Why these five books?  Well, I have a reason for selecting each of these books as candidates for a belated Lenten reading program, but I leave you with a challenge – after you’ve read the books on the list, tell me why you think I consider them candidates for reading during Lent, even if you start late.

Looking forward to hearing from you.

Big with Wonder


image

A 7 Quick Takes post as hosted at the This Ain’t the Lyceum blog.

-1-
“Because philosophy arises from awe, a philosopher is bound in his way to be a lover of myths and poetic fables. Poets and philosophers are alike in being big with wonder.”
Thomas Aquinas

-2-
I heard about this on Jenniful Fulwiler’s radio show on the Catholic Channel and thought I would share it – a list, from FOCUS of the 5 Best Free Catholic Apps. Much as I dislike overuse of electronic toys, there’s no avoiding the fact that many people use their phones and tablets for almost everything these days. So, might as well use them to help grow your faith. The five apps according to FOCUS are:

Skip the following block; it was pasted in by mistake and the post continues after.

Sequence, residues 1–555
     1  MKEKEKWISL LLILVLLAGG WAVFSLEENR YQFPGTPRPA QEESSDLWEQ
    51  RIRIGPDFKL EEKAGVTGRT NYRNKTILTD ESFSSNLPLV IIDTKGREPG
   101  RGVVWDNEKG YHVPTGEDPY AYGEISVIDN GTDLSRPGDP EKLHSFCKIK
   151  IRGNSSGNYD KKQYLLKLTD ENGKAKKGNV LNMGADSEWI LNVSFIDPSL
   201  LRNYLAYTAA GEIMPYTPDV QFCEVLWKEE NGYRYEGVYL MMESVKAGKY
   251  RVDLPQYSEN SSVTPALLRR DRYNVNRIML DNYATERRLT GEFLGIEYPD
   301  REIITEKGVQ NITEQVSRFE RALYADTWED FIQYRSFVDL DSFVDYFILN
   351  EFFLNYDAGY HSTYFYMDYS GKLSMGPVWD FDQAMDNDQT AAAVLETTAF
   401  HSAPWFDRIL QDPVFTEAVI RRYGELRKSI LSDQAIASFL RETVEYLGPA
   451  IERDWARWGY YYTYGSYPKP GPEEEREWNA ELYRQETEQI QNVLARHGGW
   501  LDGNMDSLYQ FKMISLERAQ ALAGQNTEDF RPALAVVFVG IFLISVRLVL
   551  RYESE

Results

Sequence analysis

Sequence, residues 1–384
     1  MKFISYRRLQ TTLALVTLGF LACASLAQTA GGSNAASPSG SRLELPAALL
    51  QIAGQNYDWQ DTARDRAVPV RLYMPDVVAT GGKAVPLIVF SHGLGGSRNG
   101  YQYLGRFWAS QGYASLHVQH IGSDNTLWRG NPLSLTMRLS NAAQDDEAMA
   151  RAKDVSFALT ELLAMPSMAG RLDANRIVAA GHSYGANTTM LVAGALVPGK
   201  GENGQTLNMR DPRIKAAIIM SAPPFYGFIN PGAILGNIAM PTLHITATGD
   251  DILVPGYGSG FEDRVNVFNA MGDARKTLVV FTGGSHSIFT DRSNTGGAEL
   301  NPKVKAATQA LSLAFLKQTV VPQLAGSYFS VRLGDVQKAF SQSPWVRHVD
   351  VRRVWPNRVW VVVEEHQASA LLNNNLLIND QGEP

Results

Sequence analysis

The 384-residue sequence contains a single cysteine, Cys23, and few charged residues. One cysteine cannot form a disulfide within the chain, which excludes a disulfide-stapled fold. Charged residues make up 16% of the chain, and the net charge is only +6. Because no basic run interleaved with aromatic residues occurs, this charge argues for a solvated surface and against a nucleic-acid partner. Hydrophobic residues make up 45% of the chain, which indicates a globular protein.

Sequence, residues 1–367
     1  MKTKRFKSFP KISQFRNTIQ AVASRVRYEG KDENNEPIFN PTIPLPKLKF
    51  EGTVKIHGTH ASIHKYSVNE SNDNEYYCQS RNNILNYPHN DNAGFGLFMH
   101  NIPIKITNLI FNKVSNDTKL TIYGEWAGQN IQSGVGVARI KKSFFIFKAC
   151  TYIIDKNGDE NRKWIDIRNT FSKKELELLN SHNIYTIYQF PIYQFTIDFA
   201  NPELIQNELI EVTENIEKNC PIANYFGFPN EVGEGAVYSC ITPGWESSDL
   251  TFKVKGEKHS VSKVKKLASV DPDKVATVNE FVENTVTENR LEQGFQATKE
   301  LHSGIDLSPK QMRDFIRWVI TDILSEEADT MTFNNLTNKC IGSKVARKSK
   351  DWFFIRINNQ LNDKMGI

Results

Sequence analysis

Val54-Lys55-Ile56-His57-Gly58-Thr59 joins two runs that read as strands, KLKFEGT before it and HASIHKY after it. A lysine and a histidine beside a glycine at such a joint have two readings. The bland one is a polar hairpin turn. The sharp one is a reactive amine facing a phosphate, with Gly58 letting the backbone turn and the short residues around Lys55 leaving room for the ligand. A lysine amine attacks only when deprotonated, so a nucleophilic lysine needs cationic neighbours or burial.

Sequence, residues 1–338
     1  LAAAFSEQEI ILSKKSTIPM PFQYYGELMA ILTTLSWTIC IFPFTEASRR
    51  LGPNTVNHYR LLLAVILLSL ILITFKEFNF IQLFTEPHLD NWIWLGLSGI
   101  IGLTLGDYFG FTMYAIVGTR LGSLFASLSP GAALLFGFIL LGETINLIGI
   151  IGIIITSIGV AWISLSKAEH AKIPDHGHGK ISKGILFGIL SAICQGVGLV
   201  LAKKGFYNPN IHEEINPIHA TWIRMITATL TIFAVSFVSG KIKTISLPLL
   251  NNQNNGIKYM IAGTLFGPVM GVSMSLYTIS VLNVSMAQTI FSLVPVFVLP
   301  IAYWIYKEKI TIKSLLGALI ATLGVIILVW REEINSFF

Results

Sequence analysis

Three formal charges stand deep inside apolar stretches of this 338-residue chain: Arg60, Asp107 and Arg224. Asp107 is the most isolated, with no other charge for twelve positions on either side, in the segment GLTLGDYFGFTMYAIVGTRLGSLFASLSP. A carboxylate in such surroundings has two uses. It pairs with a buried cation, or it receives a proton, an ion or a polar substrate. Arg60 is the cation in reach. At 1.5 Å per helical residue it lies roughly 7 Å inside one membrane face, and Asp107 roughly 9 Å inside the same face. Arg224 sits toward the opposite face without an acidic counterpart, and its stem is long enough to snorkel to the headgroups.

1) iBreviary, an app for praying the Liturgy of the Hours;
2) FOCUS Equip, an app for boosting you apologetics skills;
3) The Pope App, all about the Pope;
4) Mea Culpa, an app to help you make a better confession;
5) Truth & Life, an audio version of the RSV-CE version of the Bible, so you can listen to the Bible in the car or when when you’re out running, or whatever else.

You can find the list, and fuller explanations, HERE.